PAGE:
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Frederick H. Dyer, Compendium of the War of the Rebellion: Regimental Histories 340 340 Browse Search
William Tecumseh Sherman, Memoirs of General William T. Sherman . 202 4 Browse Search
Rebellion Record: a Diary of American Events, Diary from December 17, 1860 - April 30, 1864 (ed. Frank Moore) 177 51 Browse Search
George P. Rowell and Company's American Newspaper Directory, containing accurate lists of all the newspapers and periodicals published in the United States and territories, and the dominion of Canada, and British Colonies of North America., together with a description of the towns and cities in which they are published. (ed. George P. Rowell and company) 142 2 Browse Search
Benson J. Lossing, Pictorial Field Book of the Civil War. Volume 2. 131 1 Browse Search
Horace Greeley, The American Conflict: A History of the Great Rebellion in the United States of America, 1860-65: its Causes, Incidents, and Results: Intended to exhibit especially its moral and political phases with the drift and progress of American opinion respecting human slavery from 1776 to the close of the War for the Union. Volume I. 130 0 Browse Search
Robert Underwood Johnson, Clarence Clough Buell, Battles and Leaders of the Civil War: The Opening Battles. Volume 1. 128 0 Browse Search
Ulysses S. Grant, Personal Memoirs of U. S. Grant 89 1 Browse Search
Benson J. Lossing, Pictorial Field Book of the Civil War. Volume 1. 82 0 Browse Search
Rebellion Record: a Diary of American Events: Documents and Narratives, Volume 2. (ed. Frank Moore) 73 5 Browse Search
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Browsing named entities in Benson J. Lossing, Pictorial Field Book of the Civil War. Volume 2.. You can also browse the collection for St. Louis (Missouri, United States) or search for St. Louis (Missouri, United States) in all documents.

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Benson J. Lossing, Pictorial Field Book of the Civil War. Volume 2., Chapter 2: civil and military operations in Missouri. (search)
enty-five miles distant, in the direction of St. Louis, safely conducting a Government train, five Rolla, a point of railway communication with St. Louis, on the 19th of August, where Camp good hopeains, including New Mexico. Headquarters at St. Louis. He remained a short time in New York,. wherionists. Fremont made his Headquarters in St. Louis at the house of the late Colonel Brant, an e some yet in the Fremont's Headquarters in St. Louis. service were in a state of mutiny on that s for new recruits, who were now coming into St. Louis in considerable numbers, and were compelled he applied to the National Sub-Treasurer at St. Louis for a supply. That officer had three hundreand defensive action. He strongly fortified St. Louis against external and internal foes, and prepquadron was in charge of Captain B. Able. at St. Louis, on the night of the 30th of July, he left ts, August 5th, 1861. Fremont returned to St. Louis on the 4th of August, having accomplished th[10 more...]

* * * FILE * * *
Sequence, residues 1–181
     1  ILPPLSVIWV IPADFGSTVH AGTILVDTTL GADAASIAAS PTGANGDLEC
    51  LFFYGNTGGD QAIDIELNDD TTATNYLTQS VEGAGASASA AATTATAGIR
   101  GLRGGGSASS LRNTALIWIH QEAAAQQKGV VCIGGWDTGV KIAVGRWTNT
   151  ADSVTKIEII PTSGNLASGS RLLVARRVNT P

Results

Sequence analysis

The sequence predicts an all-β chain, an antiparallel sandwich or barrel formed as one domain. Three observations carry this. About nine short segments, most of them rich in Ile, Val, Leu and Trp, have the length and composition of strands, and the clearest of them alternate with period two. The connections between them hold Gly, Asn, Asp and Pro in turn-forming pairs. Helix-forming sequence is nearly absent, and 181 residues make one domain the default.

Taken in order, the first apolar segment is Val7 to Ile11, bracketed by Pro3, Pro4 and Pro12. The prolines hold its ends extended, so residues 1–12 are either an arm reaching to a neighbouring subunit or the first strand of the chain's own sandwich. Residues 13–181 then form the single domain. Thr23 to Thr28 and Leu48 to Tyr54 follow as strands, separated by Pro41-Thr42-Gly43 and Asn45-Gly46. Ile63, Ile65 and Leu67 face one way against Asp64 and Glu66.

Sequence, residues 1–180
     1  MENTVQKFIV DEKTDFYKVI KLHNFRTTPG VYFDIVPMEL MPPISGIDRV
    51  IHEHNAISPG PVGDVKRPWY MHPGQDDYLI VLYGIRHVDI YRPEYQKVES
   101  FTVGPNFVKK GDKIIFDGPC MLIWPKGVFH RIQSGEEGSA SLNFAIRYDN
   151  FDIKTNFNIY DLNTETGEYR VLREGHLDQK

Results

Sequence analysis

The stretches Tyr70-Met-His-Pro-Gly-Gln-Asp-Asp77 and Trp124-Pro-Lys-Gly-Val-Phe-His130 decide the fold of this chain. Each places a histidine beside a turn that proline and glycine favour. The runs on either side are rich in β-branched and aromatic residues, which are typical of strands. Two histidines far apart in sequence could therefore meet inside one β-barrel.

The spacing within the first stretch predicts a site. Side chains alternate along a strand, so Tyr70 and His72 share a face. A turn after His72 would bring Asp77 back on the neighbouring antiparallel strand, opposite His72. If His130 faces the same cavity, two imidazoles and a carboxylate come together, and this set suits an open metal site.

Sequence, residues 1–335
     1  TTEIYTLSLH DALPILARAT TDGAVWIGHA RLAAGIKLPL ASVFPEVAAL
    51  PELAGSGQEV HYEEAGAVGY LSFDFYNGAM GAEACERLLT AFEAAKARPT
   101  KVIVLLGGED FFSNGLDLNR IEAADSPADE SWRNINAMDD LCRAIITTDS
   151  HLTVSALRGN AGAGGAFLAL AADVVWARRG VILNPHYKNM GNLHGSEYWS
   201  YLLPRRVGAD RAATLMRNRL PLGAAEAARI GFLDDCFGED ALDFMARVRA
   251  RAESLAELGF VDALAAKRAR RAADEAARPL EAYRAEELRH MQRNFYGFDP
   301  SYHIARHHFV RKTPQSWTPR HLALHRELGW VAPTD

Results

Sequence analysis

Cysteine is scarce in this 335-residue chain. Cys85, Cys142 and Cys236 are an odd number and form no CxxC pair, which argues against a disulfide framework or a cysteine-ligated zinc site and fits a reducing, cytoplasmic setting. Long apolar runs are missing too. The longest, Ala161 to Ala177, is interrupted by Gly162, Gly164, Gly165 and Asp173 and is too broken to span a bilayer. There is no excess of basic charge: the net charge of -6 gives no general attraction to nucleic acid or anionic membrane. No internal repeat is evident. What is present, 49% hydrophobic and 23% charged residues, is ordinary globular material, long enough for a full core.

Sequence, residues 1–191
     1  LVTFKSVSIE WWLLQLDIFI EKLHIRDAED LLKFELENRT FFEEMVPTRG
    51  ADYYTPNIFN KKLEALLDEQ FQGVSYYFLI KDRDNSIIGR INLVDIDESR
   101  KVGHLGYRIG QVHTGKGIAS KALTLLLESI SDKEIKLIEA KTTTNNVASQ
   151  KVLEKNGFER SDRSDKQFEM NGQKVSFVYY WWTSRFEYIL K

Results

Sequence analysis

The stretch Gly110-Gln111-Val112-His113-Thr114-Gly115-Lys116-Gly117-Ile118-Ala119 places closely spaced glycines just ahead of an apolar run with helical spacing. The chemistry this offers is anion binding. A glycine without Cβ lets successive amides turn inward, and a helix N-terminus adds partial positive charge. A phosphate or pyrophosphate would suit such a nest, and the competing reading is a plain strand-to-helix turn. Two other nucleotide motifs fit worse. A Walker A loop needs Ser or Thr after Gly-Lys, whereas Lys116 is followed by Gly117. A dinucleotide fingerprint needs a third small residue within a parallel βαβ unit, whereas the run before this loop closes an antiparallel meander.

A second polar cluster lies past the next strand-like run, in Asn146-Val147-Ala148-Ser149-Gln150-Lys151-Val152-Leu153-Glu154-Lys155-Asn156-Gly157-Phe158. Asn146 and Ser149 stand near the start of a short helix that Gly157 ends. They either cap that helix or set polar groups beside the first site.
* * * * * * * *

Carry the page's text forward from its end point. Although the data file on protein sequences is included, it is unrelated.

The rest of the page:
Benson J. Lossing, Pictorial Field Book of the Civil War. Volume 2., Chapter 3: military operations in Missouri and Kentucky. (search)
ations for a battle, 83. Fremont returns to St. Louis his reception, 84. General Grant in Kentucr, three hundred miles, by its course, above St. Louis, and occupying an important frontier positioand another directed by Captain C. Clark, of St. Louis. General Parsons took a position southwest argely over-estimated, Fremont's force in St. Louis alone, at that time, was estimated at 20,000 not give aid to Price, nor seriously menace St. Louis. In this service, as we have seen, they wer exile. Offering his services to Fremont at St. Louis, he was charged with the duty of recruiting 4th, Fremont and his Staff left the army for St. Louis. The parting with his devoted soldiers was very touching, and his reception in St. Louis Nov. 8 1861. was an ovation like that given to a vic in the following electrographs:-- St. Louis, Missouri, November 11, 1861. Maj.-Gen. George B.d a retrograde march from Springfield toward St. Louis at the middle of November, followed by a lon[3 more...]
Benson J. Lossing, Pictorial Field Book of the Civil War. Volume 2., Chapter 7: military operations in Missouri, New Mexico, and Eastern Kentucky--capture of Fort Henry. (search)